I got ambushed by a greeting card. The H@llmark shop is a dangerous place for me. Any rack of cards can hold treacherous expressions of sentiment that can trigger intensely painful memories and emotions. When I have to enter the place I can usually steel myself to run the gauntlet, put on blinders to look at only the section that is relevant and avoid the obvious pitfalls. but once in a while one card strays out of its category, hides out under cover of mingling with a different crowd, and surprises me.
The most recent attack came not from “H@llmark” but from another brand - an innocuous-looking birthday card designed for a son:
“You are loved for the little boy you were,
the special man you are now,
and the wonderful son you’ll always be.”
It is warm and loving and perfect – and absolutely foreign to my experience growing up or my treatment as an adult. I can’t even imagine receiving such a message – but crave it all the more because of its impossibility.
I’ve always had problems finding suitable cards for my parents – most of the time I settled for one with a nice picture on the front and just a minimal greeting – “happy birthday” or “happy mother’s day” – or whatever. They don’t make cards for what I really feel about them – “If you enjoyed the way you screwed up my life, then at least one of us got something out of it!” … or worse things that I can think of!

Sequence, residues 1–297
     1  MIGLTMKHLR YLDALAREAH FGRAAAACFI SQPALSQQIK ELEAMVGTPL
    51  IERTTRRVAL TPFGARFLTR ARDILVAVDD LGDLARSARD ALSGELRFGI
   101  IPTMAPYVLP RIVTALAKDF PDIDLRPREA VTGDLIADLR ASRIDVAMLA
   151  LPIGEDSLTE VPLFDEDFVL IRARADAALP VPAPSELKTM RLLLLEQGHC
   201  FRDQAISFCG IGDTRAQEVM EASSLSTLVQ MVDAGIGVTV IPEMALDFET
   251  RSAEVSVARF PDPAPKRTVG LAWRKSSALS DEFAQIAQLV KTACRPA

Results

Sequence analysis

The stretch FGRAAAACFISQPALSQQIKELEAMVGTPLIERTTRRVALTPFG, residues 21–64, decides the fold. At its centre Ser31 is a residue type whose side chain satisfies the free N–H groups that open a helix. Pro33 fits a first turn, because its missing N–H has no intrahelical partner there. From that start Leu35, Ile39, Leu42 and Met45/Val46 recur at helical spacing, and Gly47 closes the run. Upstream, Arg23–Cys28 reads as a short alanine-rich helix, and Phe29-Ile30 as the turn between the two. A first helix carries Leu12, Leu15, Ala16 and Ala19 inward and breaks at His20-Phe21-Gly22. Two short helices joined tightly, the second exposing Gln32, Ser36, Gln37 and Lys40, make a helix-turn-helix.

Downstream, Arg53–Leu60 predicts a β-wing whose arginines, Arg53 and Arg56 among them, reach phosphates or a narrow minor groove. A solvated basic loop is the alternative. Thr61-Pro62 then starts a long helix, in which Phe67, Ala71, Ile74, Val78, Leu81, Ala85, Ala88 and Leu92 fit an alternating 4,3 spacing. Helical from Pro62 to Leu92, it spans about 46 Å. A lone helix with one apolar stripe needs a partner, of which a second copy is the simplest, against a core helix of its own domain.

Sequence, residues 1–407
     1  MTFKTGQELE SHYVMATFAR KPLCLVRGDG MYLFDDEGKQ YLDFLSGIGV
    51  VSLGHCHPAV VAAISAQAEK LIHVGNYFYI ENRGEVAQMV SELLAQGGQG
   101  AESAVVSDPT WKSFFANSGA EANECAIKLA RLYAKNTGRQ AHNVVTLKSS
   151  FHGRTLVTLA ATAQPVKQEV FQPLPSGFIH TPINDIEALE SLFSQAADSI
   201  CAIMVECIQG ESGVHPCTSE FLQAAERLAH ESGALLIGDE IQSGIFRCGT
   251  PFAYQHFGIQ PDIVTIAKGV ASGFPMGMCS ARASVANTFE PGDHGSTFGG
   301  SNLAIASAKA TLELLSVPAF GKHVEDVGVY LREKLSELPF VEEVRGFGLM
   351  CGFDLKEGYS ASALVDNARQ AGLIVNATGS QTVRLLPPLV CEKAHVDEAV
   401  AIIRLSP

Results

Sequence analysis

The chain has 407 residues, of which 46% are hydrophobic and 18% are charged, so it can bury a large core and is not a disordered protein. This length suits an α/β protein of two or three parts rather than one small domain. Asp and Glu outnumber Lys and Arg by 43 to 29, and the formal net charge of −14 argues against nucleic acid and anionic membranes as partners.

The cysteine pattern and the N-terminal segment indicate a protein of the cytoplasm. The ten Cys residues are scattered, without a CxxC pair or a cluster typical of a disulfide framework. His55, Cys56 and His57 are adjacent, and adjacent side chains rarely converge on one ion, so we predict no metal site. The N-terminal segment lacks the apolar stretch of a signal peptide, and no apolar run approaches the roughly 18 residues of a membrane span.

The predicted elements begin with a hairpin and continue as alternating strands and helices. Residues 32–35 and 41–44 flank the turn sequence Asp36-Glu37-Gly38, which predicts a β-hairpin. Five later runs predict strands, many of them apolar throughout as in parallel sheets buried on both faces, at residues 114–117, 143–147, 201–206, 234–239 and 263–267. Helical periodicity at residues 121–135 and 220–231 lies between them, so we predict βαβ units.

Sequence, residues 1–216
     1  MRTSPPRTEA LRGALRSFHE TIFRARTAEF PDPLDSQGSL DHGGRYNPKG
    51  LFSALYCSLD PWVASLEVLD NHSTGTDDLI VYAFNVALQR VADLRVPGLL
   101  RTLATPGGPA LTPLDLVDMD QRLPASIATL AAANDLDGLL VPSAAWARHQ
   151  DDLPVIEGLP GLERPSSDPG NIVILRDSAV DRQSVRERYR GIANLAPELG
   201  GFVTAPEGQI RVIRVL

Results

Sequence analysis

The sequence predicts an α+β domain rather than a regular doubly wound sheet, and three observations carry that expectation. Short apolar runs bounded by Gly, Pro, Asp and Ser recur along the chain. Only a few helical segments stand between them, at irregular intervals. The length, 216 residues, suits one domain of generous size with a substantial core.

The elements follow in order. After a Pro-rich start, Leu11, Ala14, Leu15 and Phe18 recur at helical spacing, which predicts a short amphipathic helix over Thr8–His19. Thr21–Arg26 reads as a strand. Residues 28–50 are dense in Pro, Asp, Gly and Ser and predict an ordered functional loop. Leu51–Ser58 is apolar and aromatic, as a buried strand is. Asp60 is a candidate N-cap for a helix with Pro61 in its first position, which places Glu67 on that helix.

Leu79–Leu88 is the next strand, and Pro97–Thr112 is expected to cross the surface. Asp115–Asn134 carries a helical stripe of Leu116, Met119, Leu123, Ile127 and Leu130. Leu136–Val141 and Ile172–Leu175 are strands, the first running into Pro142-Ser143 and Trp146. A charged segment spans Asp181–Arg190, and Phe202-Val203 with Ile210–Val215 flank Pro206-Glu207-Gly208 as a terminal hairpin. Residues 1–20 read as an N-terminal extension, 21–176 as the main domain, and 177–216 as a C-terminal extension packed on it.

My wife wanted to send valentine cards to all our family members. For our kids and their spouses and the odd aunt and uncle - that is OK with me. But she wanted to send one to my mom (the only remining parent on either side) – I am not OK with that. My mom was a silent, passive accomplice, in my eyes – to the step-dad’s abuse, nearly as guilty as he was because of her refusal to admit what was going on – and her refusal to intervene. I don’t want to send her a card that gushes over how much I love her or how she is the best mom in the world – or even wishes her a generic happy day. The card was sent, despite my opposition – i said – “I don’t want to – but if you do – I just don’t care.” At least I didn’t have to pick it out.
At what point is it OK to ignore the nice conventions of polite society, quit doing all the things that are expected – and honestly speak and act the way you truly feel – in keeping with the reality of the situation and relationship?
"My experience has shown me that I all too often tend to deny that which lies behind, but as I still believe, that which is denied cannot be healed." Brennan Manning, "All is Grace - A Ragamuffin Memoir"